Mining as an economic activity must first aim at improving the livelihoods of the indigenes who rightly own and live with the mineral resources by ensuring equitable distribution of mineral wealth is prioritized in national and international minerals and mining laws and policies.
For the realization of this aim of mining as an economic activity, the Africa Mining Vision and Action Plan of the Africa Union (AU) advocates the use of Africa’s mineral resources to reduce the continent’s poverty and accelerate its social and economic development.
Also, the ECOWAS Minerals Development Policy seeks to create a mining environment that is very responsive to sustainable development. In line with the ECOWAS Mineral Development Policy, the Minerals and Mining Policy of Ghana (2014) seeks to ensure mining makes a significant contribution to sustainable development by ensuring that the country secures the full economic and social benefits that mining promises in an environmentally and socially responsible manner. The policy puts emphasis on fair and equitable sharing of revenues generated from the communities. The policy specifically states that “the rights and interests of landowners and local communities regarding benefits accruing from the use of land shall be guaranteed during the entire mining process”. The policy further makes it clear that “sustainable livelihood programmes to improve the economic conditions of communities shall form an integral part of the planning for any mining activity.
Despite these good policy frameworks of the Africa Union, ECOWAS, and Ghana, it is regrettable to note that the policies have not impacted much on the lives of mining communities in the country. What is visible in mining communities across the country is extreme poverty, deprivation and general under-development. Instead of contributing to the social and economic development of communities, mining is contributing to violent conflicts, pollution, and many other social vices.
Realising the inequitable distribution of mineral wealth and the worsening socio-economic conditions of the lives of the people in mining communities, the Ghanaian Parliament enacted the Minerals Development Fund Act, 2016, Act 912 under which the establishment of the Mining Community Development Scheme (MCDS) is required.
The Mining Community Development Scheme seeks to “facilitate socio-economic development of communities in which mining activities are undertaken and that are affected by mining operations”
Sources of funds for the Scheme are stated in Section 18 of the Act as mining royalties being 20% of Minerals Development Fund (MDF) at the national level, donations made by mining companies and related business entities and finally grants, donations, gifts and other voluntary contributions.
Management of the scheme shall be by a Local Management Committee which, according to Section 19 of the Act comprises the District Chief Executive, the traditional ruler of the mining community, one representative of the District Office of the Minerals Commission, a mining company, identified women’s group and identified youth group in the community.
Additionally, the government further introduced Community Mining Programme to promote community participation in the mining industry aimed at increasing communities’ share of the mineral wealth and other social and economic benefits that mining promises for improved livelihoods. Strongly determined to ensure mining activities under the Community Mining Programme are carried out in a very responsible and sustainable manner , the governed has already mobilized and trained a good number of interested members of mining communities across the country to acquire the needed technical skills for a successful programme.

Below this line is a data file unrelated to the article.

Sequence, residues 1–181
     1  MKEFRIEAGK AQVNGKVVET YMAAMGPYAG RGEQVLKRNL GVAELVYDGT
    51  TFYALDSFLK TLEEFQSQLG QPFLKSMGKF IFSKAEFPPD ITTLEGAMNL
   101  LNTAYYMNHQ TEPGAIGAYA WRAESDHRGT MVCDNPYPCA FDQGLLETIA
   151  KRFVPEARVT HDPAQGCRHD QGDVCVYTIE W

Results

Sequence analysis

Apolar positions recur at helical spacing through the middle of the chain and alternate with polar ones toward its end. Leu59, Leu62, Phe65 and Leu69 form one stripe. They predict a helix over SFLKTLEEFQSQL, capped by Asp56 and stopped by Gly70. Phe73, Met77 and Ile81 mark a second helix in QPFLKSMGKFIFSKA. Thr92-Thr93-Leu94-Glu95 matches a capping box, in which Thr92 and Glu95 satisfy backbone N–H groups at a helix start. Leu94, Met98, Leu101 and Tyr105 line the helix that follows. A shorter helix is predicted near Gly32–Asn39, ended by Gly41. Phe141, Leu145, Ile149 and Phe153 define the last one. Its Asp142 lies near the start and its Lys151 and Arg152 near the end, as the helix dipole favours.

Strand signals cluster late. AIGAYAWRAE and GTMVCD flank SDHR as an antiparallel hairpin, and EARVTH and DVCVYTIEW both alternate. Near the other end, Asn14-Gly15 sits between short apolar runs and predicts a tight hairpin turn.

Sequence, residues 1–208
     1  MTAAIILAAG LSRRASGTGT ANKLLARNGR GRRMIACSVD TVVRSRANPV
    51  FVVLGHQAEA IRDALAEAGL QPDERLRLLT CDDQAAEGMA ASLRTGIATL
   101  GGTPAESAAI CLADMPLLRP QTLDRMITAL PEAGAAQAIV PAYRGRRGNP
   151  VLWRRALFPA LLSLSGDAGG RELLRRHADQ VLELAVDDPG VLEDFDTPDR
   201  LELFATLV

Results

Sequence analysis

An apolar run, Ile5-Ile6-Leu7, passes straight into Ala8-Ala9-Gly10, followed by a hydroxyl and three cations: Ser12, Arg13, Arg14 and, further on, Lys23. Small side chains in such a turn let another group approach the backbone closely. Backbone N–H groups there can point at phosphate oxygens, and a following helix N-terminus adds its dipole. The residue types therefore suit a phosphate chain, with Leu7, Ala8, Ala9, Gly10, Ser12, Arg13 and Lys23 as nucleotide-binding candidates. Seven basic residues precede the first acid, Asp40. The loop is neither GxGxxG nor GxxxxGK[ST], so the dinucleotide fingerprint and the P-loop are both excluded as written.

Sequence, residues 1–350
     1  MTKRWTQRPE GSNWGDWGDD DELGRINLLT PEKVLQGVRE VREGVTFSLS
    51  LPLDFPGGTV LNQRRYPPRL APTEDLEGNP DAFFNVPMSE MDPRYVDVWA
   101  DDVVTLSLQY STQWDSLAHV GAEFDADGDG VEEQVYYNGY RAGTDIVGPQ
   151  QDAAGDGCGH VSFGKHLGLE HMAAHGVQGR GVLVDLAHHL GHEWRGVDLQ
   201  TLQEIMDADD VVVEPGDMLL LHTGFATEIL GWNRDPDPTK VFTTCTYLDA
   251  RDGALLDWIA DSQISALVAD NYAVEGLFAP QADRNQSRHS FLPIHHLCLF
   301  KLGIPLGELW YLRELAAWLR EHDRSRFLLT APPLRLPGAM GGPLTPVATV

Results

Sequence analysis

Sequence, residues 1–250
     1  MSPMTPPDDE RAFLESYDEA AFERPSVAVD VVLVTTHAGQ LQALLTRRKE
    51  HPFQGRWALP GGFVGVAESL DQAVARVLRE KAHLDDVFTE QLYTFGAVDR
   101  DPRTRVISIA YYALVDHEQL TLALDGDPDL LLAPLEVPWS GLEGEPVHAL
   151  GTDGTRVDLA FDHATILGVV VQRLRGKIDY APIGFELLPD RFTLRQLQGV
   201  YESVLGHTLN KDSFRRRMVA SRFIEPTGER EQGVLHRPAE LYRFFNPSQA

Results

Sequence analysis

The passage of the Minerals Development Fund Act, 2016 and the introduction of the Community Mining Programme provide fine opportunities for communities and civil society groups working in mining communities to engage with relevant state institutions to demand the establishment of the Mining Community Development Scheme and effective implementation of the Community Mining Programme. This will undoubtedly bring in significant amount of resources to effectively finance sustainable livelihoods programmes for socio-economic transformation of the mining communities to address poverty and deprivation.
It is in the light of this that the Coalition of Social Movements on Mining (CSMM) in the Upper East Region of Ghana has taken the lead to champion the issue by raising critical voice on the need to establish the Mining Community Development Scheme (MCDS) in every mining community in Ghana particularly communities in Talensi District of the Upper East Region.
Considering the huge socio-economic development opportunities that MCDS seeks to create for improved livelihoods of poor and disadvantaged people in mining communities, the Northern Patriots in Research and Advocacy (NORPRA) is adding its voice to the call on the Ministry of Lands and Natural Resources, the Minerals Commission and the District Assemblies concerned not only to provide start-up capital for trained community members to engage in the community mining programme but to also facilitate the establishment of the Mining Community Development Schemes in all mining communities in Ghana particularly those in Talensi district. This, in the view of NORPRA, will contribute significantly to reducing poverty and hunger for the achievement of the Sustainable Development Goals.
Bismark Adongo Ayorogo